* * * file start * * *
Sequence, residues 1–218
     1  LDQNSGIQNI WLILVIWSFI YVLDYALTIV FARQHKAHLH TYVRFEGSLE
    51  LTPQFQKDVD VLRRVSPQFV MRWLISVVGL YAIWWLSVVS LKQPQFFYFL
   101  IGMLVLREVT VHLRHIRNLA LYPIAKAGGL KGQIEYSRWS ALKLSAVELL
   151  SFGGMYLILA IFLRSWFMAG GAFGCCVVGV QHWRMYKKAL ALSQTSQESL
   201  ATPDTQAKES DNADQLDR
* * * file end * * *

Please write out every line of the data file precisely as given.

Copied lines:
Sequence, residues 1–218
     1  LDQNSGIQNI WLILVIWSFI YVLDYALTIV FARQHKAHLH TYVRFEGSLE
    51  LTPQFQKDVD VLRRVSPQFV MRWLISVVGL YAIWWLSVVS LKQPQFFYFL
   101  IGMLVLREVT VHLRHIRNLA LYPIAKAGGL KGQIEYSRWS ALKLSAVELL
   151  SFGGMYLILA IFLRSWFMAG GAFGCCVVGV QHWRMYKKAL ALSQTSQESL
   201  ATPDTQAKES DNADQLDR